National Geographic : 1979 Aug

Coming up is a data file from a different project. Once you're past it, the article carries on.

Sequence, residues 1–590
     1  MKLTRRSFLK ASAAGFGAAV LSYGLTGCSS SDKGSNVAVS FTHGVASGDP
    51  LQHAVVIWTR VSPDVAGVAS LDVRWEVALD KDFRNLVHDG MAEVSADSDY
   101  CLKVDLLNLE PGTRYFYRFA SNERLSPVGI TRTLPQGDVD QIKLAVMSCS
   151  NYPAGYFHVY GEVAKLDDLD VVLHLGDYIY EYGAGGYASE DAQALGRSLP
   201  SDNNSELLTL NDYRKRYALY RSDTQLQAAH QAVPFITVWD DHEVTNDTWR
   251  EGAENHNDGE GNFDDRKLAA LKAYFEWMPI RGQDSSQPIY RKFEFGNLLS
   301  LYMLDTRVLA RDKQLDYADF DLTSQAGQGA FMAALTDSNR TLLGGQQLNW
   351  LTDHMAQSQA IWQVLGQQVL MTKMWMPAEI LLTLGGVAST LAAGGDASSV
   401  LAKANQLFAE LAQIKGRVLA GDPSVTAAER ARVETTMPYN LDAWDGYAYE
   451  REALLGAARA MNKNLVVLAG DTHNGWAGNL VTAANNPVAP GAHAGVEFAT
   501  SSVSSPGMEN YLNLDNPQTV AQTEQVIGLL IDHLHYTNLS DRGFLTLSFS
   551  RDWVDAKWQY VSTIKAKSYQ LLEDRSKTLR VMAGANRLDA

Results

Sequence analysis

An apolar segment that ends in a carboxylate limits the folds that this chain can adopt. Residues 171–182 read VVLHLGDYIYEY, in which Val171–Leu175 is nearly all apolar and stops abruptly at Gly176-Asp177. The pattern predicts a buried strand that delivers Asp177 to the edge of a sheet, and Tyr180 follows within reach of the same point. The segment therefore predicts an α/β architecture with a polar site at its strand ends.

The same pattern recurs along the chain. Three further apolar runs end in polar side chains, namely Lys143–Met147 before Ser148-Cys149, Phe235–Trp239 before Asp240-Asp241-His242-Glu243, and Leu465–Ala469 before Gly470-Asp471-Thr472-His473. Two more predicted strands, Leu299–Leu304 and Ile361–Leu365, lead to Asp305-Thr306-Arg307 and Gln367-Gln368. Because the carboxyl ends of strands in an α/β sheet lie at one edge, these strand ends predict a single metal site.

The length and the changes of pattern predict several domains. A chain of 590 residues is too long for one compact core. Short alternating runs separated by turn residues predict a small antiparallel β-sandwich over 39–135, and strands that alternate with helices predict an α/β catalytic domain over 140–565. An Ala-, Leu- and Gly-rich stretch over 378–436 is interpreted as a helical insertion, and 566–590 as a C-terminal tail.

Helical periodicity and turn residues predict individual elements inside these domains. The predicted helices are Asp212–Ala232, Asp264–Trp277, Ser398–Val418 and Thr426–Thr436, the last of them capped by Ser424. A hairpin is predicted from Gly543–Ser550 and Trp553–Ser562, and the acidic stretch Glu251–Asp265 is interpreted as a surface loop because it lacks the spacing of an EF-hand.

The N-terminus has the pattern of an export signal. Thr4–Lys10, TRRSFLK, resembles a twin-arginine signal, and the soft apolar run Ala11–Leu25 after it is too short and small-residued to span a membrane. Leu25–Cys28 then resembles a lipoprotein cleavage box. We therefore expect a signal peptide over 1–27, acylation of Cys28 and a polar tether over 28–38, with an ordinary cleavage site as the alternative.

Sculptor of hair in the village of Talat, an Inadan woman, Bachi, braids a popular style for a noble's daughter.Such skilled beauticiansfirst wash the hairin suds made from the leaves of a desertplant, then treat it with butter and shiny black sand. Fashionablein coif fure and jewelry, girls (below) await the feast ending Ramadan,the Muslim sacredmonth of fasting. better to offer something to an Enad even before he makes a request! Whatever the Inadan's mystic sway over their Tuareg overlords, the steadfast coexis tence between them rides on day-to-day affairs. A nighttime wedding, for example, is taking place .... We watch the old Enad, Hada, stand at the doorway of a big hut, the black, wrin kled turban coiled hastily around his head. Waiting for action, a crowd of men and women stir about, their eyes and teeth gleaming in the full moon's light. A voice booms from within the hut. "Inadan, beware! Cover your eyes with your tattered veils; you are among wealthy men tonight. Be careful with what we give you! Our sharp blades will cut your hands. Their glint will hurt your eyes. Be grateful, Inadan!" The hut conceals Tuareg nobles, who have come to a river-bottom encampment to celebrate the marriage of a friend. Now they are offering ritualistic gifts to their attendant Inadan as a reward, on this special day, for their services as silversmiths, messengers, attendants-but especially, tonight, as drum players. Through the hut door a hand offers a takoba, a Tuareg sword. Hada takes it, shakes it, unsheaths it-and screams. "Aieeeeeeeeeeya-eeeei! Is this dull thing a gift? I will ask the women, for the men do not accept it." Turning toward a group of Ina dan women draped in indigo headcloths, Hada seeks their opinion. "It could not slit the throat of a kid goat," the women cry in unison. Hada hands back the sword, and receives another out of the shadows. This one, too, is contemptuously rejected. A third weapon is offered, this (Continued on page 296) Artisans of the Sahara 291 10tW I'